"The pope's 180-page encyclical on the environment, released on Thursday, is at its core a moral call for action on phasing out the use of fossil fuels. But it is also a document infused with an activist anger and concern for the poor, casting blame on the indifference of the powerful in the face of certain evidence that humanity is at risk following 200 years of misuse of resources. Up to now, he says, the world has accepted a 'cheerful recklessness' in its approach to the issue, lacking the will to change habits for the good of the Earth. 'Climate change is a global problem with grave implications: environmental, social, economic, political and for the distribution of goods,' the papal statement says. 'It represents one of the principal challenges facing humanity in our day.'"
(Stephanie Kirchgaessner, 18 June 2015, The Guardian)
"Our collective sympathy for the victims is obviously a given. And yet the quest to unearth celebrity sex offenders has become a form of crude cultural entertainment–but it is less witch–hunt, more carnival, in the sense proposed by critic Mikhail Bakhtin. Here social hierarchies are profaned and subverted by normally suppressed voices. Thus, the marginalised become the focus, princes become paupers, and opposites combine (high and low, fact and fantasy, heaven and hell).
This circus is conducted with a grotesque, 'world–upside–down' energy and black humour, in which charivari–ritual chastising and humiliation, not least of sexual transgressions–is accompanied by raucous collective mirth. Ultimately, order is restored, but not before authority figures have taken a beating.
And so we witness the toppling of the powerful by a righteous mob, as men of a certain age and cultural authority–backed by a degree of establishment collusion–are brought low with a barely contained collective thrill. Sometimes it feels as if all the icons of our childhood have been outed as sexual deviants–revenge for every night of bad television endured during the 1970s."
(Hannah Betts, 7 December 2012, The Guardian)
"One of the most influential figures in German rock music, Edgar Froese of Tangerine Dream, has died. Froese, who was 70, suffered a pulmonary embolism and died in Vienna on Tuesday."
(The Guardian, 23 January 2014)
"This is one of those rare and unsettling examples of a rock film which has the all the immediacy of reportage from a distant war–zone. The terrain is Olympic Studios in London in June 1968, where the Rolling Stones, recovering from the critical mauling of At Their Satanic Majesty's Request, are at work on the tracks that would become Beggars' Banquet. The film–maker was Jean–Luc Godard, at the height of his reputation as Europe's most daring director. Godard had briefly left Paris for London in the wake of the Paris riots of May '68 with the aim of making a film about art, power and revolution. The Stones, at their most dazzling and Luciferian, were, as Godard saw it, perfect for the role of agents of anarchy in a movie whose stated aim was to 'subvert, ruin and destroy all civilised values'. ...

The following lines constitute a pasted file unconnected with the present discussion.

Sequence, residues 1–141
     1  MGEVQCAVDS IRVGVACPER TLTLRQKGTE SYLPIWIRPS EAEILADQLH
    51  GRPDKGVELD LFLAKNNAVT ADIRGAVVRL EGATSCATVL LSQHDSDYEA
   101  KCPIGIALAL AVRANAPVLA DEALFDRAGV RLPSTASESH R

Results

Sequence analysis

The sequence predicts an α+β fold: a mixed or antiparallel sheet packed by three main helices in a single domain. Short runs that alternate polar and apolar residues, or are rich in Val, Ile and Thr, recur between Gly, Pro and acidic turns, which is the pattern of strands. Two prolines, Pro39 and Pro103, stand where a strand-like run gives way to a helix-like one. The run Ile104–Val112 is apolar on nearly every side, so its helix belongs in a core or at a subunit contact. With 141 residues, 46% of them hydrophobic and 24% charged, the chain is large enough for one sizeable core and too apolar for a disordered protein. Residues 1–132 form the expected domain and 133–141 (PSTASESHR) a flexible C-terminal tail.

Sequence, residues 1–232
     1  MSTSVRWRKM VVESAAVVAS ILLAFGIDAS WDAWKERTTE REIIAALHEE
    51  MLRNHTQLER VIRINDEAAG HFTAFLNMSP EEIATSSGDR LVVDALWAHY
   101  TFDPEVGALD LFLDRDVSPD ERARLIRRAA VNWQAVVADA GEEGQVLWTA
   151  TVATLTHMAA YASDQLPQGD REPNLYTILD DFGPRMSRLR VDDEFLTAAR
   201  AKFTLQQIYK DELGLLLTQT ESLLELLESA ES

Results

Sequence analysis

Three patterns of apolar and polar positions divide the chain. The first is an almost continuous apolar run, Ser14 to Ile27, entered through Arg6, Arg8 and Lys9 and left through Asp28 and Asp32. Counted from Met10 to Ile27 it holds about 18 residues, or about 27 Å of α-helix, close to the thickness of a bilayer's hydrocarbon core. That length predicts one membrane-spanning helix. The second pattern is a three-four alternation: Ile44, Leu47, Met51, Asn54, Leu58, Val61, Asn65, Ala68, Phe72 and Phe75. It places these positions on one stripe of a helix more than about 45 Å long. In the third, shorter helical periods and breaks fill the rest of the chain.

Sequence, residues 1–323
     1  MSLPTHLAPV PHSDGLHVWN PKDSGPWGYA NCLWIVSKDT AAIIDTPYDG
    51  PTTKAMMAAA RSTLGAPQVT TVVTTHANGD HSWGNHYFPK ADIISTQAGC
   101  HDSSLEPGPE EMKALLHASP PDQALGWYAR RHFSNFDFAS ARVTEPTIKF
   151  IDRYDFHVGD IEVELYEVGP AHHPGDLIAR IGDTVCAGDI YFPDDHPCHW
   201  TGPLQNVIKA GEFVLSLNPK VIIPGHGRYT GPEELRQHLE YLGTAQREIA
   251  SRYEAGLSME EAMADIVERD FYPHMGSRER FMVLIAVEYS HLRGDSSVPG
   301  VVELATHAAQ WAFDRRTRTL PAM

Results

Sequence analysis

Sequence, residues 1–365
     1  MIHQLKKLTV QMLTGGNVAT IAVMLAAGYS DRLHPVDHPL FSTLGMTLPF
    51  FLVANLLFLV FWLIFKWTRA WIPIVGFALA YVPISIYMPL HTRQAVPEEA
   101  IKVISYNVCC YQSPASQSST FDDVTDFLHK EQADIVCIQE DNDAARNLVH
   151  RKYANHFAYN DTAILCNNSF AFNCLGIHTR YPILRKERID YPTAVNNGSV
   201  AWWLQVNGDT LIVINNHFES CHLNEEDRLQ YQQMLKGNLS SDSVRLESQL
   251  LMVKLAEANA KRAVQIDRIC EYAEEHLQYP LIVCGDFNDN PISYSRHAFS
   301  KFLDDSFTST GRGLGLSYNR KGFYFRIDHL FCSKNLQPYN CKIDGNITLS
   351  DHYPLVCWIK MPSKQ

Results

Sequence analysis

As the track is worked and reworked, we glimpse the inner dynamics of the Stones. Bill Wyman and Brian Jones are on the margins (Jones spends most of the film shuttered away, ostracised, playing an inaudible and irrelevant acoustic guitar). Charlie Watts is every inch the dapper jazz mod, as spare with his incisive drumming as he is meticulous with his clothes. Jagger is languid, bored and then sexually ambiguous and cruel, coming only properly to life when he sings the lyrics. Most compelling of all is Keith, changing rhythms and cues at will, eyes gleaming, restless and fiercely intelligent, a million miles from the stoned zombie of legend. When he choreographs and leads the band and acolytes (including the witchy Anita Pallenberg) into the 'whoo, whoos' that make the track so malicious, it is sinister and stunning."
(Andrew Hussey, 21 May 2006, The Guardian)
"At the centre of the process is the KamerMaker, or Room Builder, a scaled–up version of an open–source home 3D–printer, developed with Dutch firm Ultimaker. It uses the same principle of extruding layers of molten plastic, only enlarged about 10 times, from printing desktop trinkets to chunks of buildings up to 2x2x3.5m high.
For a machine–made material, the samples have an intriguingly hand–made finish. In places, it looks like bunches of black spaghetti. There are lumps and bumps, knots and wiggles, seams where the print head appears to have paused or slipped, spurting out more black goo than expected.
'We're still perfecting the technology,' says Heinsman. The current material is a bio–plastic mix, usually used as an industrial adhesive, containing 75% plant oil and reinforced with microfibres. They have also produced tests with a translucent plastic and a wood fibre mix, like a liquid form of MDF that can later be sawn and sanded. 'We will continue to test over the next three years, as the technology evolves,' she says. 'With a second nozzle, you could print multiple materials simultaneously, with structure and insulation side by side.'"
(Oliver Wainwright, 28 March 2014, The Guardian)